A former employee of a Canberra furniture store has been awarded millions of dollars after unsafe working conditions resulted in a 100 kg dining table falling onto his head.
The ACT Supreme Court case ended with the employee awarded $5.6 million in damages due to the “catastrophic effects” the injury had on his life, Acting Justice Robert Crowe SC said.
The 35-year-old sued Steinhoff Asia Pacific Limited, trading as Freedom Furniture, claiming damages over negligence by his employer.
Acting Justice Crowe’s judgment states several years ago the man was working at the Freedom Furniture warehouse in Fyshwick and complained to his employer that “there was too much stock in the warehouse and that someone would hurt themselves”.
On 26 September 2016 he had to move a 120 kg sofa. He slid a trolley underneath the box it was in and pulled back on the trolley so that it could take the weight.
When he did so, the sofa knocked into a 100 kg flat-packed wooden dining table standing upright nearby, which fell and hit him on the right side of his head and body.
When he tried to stop the sofa from falling, he felt pain in his lower back and ended up on the floor with the table on top of him until a colleague lifted it off him.
His supervisor told him to lie on the floor in the office before calling his partner, who drove him to the Canberra Hospital.
Acting Justice Crowe said “the cluttered nature of the aisles” in the warehouse meant the man was working in “unsafe” conditions.
“It should have been obvious to the defendant that storing large, heavy objects upright in the aisles created the risk that such an item might fall while workers were trying to move stock through the aisle,” he said.
Medical professionals and a psychologist testified that the man still experienced pain in his head, back and neck, with the pain ranging from “weak” to “almost the strongest imaginable sensation of any kind”, and that he also had depression and anxiety.
“His current levels of depression and anxiety cannot have existed prior to his 2016 work injury, as he would have been hospitalised in the past under psychiatric care,” they said.
After the incident, the employee made a workers compensation claim for which he was appointed a case manager who began attending his GP appointments.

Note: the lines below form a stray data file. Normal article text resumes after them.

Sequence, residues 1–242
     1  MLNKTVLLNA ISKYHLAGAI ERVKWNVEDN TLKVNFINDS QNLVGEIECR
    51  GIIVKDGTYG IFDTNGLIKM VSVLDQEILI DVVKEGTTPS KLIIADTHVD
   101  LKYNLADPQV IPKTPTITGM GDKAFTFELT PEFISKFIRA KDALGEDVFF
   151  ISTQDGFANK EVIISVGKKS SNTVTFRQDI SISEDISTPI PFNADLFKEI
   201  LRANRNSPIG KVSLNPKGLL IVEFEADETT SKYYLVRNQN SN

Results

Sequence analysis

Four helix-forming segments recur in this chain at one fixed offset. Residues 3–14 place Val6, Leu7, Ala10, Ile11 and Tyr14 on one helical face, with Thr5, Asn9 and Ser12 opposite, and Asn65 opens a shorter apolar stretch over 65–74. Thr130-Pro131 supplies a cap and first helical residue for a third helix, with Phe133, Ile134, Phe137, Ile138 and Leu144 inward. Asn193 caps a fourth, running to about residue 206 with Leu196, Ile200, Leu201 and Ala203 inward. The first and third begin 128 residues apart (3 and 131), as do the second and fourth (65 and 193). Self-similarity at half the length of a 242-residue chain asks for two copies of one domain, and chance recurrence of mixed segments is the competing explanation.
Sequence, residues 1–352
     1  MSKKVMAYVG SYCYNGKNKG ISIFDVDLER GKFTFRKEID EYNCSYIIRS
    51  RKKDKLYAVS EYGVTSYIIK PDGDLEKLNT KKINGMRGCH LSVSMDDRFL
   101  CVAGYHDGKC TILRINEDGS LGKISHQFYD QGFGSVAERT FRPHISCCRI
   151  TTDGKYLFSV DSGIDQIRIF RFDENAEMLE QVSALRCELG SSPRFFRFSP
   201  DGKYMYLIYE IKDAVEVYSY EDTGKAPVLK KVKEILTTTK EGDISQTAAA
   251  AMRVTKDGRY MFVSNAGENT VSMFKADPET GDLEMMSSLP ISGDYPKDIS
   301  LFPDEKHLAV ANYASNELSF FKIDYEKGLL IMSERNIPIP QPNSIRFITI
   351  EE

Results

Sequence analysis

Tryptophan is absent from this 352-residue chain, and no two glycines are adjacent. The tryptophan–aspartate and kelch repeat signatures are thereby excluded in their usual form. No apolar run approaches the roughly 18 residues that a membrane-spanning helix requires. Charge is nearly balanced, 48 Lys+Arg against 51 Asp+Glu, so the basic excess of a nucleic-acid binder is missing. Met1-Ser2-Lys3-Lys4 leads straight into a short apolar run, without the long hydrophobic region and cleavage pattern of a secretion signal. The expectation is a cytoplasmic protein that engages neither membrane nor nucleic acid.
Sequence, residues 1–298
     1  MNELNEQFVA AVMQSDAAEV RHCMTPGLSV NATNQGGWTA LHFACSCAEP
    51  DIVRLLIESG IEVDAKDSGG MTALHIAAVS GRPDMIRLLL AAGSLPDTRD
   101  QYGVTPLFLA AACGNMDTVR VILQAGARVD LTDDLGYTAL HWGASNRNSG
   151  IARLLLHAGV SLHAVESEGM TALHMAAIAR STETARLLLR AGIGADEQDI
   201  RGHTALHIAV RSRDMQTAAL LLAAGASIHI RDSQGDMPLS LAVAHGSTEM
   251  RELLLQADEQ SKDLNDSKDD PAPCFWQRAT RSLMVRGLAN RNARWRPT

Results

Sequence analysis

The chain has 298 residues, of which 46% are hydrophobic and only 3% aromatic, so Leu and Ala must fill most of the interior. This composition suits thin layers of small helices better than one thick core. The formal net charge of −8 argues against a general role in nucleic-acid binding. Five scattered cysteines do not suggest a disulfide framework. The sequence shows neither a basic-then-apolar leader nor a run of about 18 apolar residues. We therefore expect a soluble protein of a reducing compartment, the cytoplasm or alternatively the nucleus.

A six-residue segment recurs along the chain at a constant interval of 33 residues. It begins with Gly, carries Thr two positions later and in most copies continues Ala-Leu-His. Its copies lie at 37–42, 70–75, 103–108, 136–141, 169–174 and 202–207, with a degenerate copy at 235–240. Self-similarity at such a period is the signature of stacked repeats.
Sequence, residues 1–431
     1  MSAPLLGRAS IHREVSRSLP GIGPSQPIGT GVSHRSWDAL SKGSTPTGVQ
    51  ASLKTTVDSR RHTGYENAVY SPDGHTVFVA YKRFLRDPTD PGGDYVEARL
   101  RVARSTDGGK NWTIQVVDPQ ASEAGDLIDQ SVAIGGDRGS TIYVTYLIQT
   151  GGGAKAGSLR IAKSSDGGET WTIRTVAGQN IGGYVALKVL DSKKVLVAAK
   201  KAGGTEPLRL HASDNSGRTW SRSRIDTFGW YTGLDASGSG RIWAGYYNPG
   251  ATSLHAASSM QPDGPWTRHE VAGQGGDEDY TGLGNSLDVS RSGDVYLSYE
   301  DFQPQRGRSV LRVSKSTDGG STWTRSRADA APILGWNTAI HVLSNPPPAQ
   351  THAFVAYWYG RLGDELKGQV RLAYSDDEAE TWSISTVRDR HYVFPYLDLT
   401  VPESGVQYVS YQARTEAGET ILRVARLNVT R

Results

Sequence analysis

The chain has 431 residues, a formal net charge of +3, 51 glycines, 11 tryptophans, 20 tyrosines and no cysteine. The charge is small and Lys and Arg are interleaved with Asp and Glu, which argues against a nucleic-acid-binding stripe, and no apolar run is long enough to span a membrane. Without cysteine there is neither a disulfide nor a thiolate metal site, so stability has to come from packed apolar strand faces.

During an appointment he claimed the case manager had suggested the pain was “entirely in his head”, which made him very upset.
In 2017 he was told his workers compensation claim would be closed because a doctor who assessed him for what he said was up to 10 minutes thought he no longer had any physical restrictions, so he would have to pay for further treatment himself.
He began talking to his partner about thoughts of suicide, began to attempt self-harm at an increasing rate, and his mental state deteriorated until he was having frequent stays at the adult mental health unit. He attempted suicide a number of times.
In late 2017 he resigned from Freedom Furniture and began going to Canberra private mental health facility Hyson Green.
The man was prescribed a large number of strong medications for pain and his psychiatric disorder, and said while his back pain was variable, when it was bad, it could cause him to “shut down” and start thinking about suicide.
He became socially avoidant due to anxiety, was not able to do as much work around his house and could not do his hobbies such as fishing or four-wheel driving.
After the incident, his partner said he was not the “happy go lucky” man he used to be and that she now saw herself as his carer.
Acting Justice Crowe said the man’s chances of recovery to his preinjury level of functioning were very low and he was likely to require ongoing medical treatment, intermittent hospitalisation and medications for the rest of his life.
He awarded the man $5.6 million in compensation, including $1.9 million for future care, $600,000 for future lost wages and $350,000 for general damages.